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This policy paper addresses the issue of animals in natural disasters, describing issues by species, the current state of animal rescue, and planning for disasters at the state and local level. The paper also includes resources, references, and recommendations.
"Rescuing animals from natural or human-caused disasters has both practical and moral dimensions. Any incident that poses a threat to large numbers of people is likely to put animals at risk also. The large numbers of individuals involved coupled with the logistical difficulties inherent in emergency situations makes the need for coordinated and well-planned disaster relief a considerable concern."
"In 2005, Hurricane Katrina brought public attention to the plight of companion animals abandoned during the evacuation of the Gulf Coast. Effective evacuation of humans cannot occur without incorporating their animal companions. However, other types of animals face risks and other events pose threats as well. Animals raised for food are uniquely at risk in large-scale disease outbreaks, such as avian flu, anthrax, and foot-and-mouth disease. In addition, animals can suffer in human- caused disasters, such as large-scale hoarding cases. Birds and marine wildlife suffer and die from oil spills and other sources of pollution."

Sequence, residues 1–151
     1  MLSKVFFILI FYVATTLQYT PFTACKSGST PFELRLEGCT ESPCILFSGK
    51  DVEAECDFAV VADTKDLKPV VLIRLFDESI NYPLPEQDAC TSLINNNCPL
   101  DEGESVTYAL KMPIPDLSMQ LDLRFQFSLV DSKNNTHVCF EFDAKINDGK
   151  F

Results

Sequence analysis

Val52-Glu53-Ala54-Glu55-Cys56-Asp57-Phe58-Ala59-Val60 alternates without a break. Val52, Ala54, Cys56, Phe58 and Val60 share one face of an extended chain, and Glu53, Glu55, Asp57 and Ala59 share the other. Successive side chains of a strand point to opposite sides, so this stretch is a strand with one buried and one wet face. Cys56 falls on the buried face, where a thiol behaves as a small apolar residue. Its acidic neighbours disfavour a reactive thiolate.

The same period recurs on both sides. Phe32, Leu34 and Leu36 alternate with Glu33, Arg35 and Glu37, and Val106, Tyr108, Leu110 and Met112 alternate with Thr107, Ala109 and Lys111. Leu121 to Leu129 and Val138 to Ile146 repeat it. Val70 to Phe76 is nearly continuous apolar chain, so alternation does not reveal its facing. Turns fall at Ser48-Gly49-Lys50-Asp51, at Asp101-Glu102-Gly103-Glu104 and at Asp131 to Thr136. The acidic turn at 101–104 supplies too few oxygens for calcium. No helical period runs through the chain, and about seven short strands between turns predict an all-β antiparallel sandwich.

"This paper summarizes and synthesizes the most up-to-date information about disaster response for animals in the United States. Section Two reviews the risks different types of animals face. Section Three outlines the existing response system and discusses current legislation on behalf of animals. Section Four provides an overview of organizations directly involved in animal rescue and care following disasters. Section Five provides state-by-state information and offers planning recommendations. A list of references and key readings is also provided."
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United States National, United States Regional
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